Developing the next
generation of smart buildings

The buildings we currently use must communicate and learn from each other and make suggestions for improvements.


“The construction industry often sources technology from multiple suppliers, making it difficult to obtain well-functioning, integrated solutions. We can see that the ‘brain’ of the building is sometimes delivered by a plumber or a ventilation supplier. This would be a bit like letting a car mechanic upgrade your mobile phone,” says Ingebjørg Foss Daae.

As a business developer in innovation and digitalisation at Siemens Building Technologies, she believes integrated solutions provide completely different opportunities and benefits.

“Innovation and development of new solutions and services require an integrated and well-functioning base system. The truly innovative projects are where we get involved from day one and can work closely with the end customer throughout the project. The customer then gets a comprehensive solution where everything works together, and at the same time we can run the development together,” she says.

Business Developer Ingebjørg Foss Daae from Siemens Building Technologies believes integrated solutions provide completely different opportunities and benefits. Photo: Private

Self-learning building

Siemens has developed solutions for sharing information so that similar buildings can learn from each other.

“Worldwide, we collect data from over 75,000 buildings and compare the buildings with each other. Among other things, we set up solutions for hotel chains and shopping centres to compare energy consumption, operating costs and other parameters across the building stock. Such analyses help optimise the operations,” she says.

She also says that Siemens is working on systems that learn to detect deviations and generate notifications of recommended measures.

“Some of the systems can detect deviations in energy or water consumption and diagnose faults on valves or other technical equipment. The solution provides warnings for what may be wrong and reports what can be rectified. We are on our way to automated, self-learning buildings.”

Empower the guest

Currently, Siemens makes data available to the operating organisation in a building. Now, they want to make the data available to third parties too via MindSphere, an open Cloud-based analysis platform.

“In Trondheim, we are developing solutions for a hotel that allow guests to control everything via their mobile phone. The hotel will offer access control via Bluetooth so guests can control light, temperature and ventilation directly from their mobile phone. In addition, we use indoor positioning for navigation and smarter evacuation,” she says.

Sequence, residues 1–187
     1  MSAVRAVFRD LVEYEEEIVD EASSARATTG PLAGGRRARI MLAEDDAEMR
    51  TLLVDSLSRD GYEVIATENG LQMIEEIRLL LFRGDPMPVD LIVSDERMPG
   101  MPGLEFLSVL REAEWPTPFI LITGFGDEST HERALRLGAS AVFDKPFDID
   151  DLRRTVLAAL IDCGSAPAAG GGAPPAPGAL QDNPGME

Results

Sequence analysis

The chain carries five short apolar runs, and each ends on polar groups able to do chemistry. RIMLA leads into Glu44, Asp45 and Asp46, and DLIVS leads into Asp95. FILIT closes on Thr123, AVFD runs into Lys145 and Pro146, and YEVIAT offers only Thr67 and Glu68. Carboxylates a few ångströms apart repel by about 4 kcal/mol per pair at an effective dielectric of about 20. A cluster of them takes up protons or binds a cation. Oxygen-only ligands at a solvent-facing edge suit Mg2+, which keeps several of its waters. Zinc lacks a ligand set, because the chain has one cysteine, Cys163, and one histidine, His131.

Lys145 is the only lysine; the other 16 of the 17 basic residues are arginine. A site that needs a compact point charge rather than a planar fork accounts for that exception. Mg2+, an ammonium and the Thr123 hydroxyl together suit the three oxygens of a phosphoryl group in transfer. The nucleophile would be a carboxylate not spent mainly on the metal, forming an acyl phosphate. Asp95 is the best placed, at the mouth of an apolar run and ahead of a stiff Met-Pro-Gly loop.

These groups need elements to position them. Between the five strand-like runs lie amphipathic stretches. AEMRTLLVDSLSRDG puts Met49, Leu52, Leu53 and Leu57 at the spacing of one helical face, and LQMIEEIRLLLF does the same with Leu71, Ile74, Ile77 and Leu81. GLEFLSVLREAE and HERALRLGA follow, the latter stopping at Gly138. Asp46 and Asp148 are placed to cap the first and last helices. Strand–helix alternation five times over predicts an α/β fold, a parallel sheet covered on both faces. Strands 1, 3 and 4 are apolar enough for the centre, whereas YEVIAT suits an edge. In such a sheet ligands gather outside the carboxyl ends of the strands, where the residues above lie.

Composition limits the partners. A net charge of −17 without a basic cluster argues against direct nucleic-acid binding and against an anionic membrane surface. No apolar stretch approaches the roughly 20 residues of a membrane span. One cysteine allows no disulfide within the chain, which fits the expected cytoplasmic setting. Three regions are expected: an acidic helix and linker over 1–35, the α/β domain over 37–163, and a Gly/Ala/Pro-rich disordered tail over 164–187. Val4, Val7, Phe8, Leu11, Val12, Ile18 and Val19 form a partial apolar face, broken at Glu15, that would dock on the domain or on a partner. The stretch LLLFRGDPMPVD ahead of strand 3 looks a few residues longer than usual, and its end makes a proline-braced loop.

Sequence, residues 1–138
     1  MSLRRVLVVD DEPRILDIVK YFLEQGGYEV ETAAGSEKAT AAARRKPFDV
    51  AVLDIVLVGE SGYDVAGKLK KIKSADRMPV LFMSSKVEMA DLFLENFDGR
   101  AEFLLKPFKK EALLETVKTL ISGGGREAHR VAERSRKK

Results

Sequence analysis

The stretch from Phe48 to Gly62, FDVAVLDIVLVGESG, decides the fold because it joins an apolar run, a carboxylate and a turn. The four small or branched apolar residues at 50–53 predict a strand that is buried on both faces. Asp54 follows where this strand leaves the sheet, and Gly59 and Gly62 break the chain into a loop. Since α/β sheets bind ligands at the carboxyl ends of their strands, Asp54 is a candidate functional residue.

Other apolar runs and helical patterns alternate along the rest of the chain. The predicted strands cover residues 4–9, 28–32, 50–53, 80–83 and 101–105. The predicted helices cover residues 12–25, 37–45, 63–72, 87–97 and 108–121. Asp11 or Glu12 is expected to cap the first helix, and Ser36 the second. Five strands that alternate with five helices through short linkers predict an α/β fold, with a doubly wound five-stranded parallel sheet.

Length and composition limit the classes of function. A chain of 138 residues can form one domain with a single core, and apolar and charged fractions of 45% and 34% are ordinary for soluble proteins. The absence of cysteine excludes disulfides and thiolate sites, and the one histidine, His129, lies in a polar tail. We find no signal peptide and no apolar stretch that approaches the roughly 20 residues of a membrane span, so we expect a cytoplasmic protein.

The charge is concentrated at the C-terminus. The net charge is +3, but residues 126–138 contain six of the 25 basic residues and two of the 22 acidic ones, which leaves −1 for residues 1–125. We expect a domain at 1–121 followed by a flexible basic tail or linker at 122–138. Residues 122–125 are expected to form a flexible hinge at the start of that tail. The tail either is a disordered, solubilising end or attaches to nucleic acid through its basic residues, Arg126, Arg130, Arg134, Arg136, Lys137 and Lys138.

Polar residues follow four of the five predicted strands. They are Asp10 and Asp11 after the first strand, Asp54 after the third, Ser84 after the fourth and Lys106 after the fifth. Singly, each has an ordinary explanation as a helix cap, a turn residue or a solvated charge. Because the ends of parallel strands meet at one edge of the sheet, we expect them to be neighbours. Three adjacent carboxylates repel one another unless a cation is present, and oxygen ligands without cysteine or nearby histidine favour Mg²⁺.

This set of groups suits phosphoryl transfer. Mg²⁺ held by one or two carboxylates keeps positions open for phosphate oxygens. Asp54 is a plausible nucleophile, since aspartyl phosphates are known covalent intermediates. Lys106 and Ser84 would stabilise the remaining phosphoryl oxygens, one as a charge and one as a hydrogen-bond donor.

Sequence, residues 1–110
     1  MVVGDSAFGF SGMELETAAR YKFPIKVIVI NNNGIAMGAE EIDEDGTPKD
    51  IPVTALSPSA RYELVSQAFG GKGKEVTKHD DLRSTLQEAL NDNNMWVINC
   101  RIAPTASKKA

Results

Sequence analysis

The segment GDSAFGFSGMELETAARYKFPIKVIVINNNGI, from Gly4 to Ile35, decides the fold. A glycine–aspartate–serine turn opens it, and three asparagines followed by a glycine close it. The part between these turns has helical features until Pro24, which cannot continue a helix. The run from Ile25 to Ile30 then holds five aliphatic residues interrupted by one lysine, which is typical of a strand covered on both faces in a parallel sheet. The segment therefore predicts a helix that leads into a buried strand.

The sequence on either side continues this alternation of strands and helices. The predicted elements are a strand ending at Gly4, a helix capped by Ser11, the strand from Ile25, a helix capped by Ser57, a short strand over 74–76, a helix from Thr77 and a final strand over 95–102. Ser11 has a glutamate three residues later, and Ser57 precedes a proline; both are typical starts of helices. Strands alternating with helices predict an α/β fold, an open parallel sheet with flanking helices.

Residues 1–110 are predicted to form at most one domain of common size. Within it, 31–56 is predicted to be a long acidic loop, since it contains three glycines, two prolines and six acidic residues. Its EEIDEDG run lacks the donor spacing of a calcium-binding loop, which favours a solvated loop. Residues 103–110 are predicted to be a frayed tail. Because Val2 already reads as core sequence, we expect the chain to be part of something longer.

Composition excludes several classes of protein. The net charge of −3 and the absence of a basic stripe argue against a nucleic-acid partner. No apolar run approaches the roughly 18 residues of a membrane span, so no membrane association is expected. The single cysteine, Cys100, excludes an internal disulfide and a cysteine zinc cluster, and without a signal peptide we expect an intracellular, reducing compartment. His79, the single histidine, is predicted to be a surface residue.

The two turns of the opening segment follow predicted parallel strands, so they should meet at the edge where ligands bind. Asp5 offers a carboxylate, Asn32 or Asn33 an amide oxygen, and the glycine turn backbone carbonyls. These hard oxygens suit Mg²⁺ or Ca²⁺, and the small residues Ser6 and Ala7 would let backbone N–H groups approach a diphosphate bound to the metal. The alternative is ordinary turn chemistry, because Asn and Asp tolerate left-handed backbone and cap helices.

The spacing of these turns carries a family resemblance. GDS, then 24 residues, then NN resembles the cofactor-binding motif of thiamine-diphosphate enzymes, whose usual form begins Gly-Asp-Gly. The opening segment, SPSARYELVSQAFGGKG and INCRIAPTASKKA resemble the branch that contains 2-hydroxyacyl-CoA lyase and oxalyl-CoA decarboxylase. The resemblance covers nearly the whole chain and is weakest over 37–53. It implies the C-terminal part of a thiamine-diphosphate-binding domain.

Here, the system for building management will also be integrated with the hotel’s booking system.

“The purpose is to assign hotel rooms next to other occupied rooms so that the hotel fills up wing after wing. That way we can control the indoor climate where the guests are and avoid having to heat the entire hotel,” says Foss Daae.

Automates new headquarter

Not only in the hotel industry are buildings becoming more innovative. Another example is the new Veidekke corporate headquarters. Here, you talk to the rooms to control the light, heat and ventilation.

“We want to automatically assign office space so that you can fill up buildings in an energy-efficient manner. In addition, the cafeteria will receive information about the number of people in the building so that they can offer the right amount of food and reduce food waste,” she says and continues:

“Motion detectors should also be able to track space use so that housekeeping staff can streamline cleaning. In the long term, such data can be used to control housekeeping robots.”

Making information available

Foss Daae believes we have only seen the beginning of building automation and that the sharing of data will create more efficient services in the future.

“The next-generation construction automation will build on indoor positioning and move towards IoT (Internet of Things). For example, cleaning and maintenance will be more effective when sensors warn about the need for waste disposal or the filling of soap dispensers. We also look at how the fire department can extract data about where people are located, where a fire is raging and what the temperature spread is. We will see a lot of ‘Facility Management on Demand’ in the coming years,” she says.

Siemens’ overall strategy is to make the information available to those who may benefit from it.

“We want to use the data we collect to improve security, streamline operations and create value for others,” she concludes.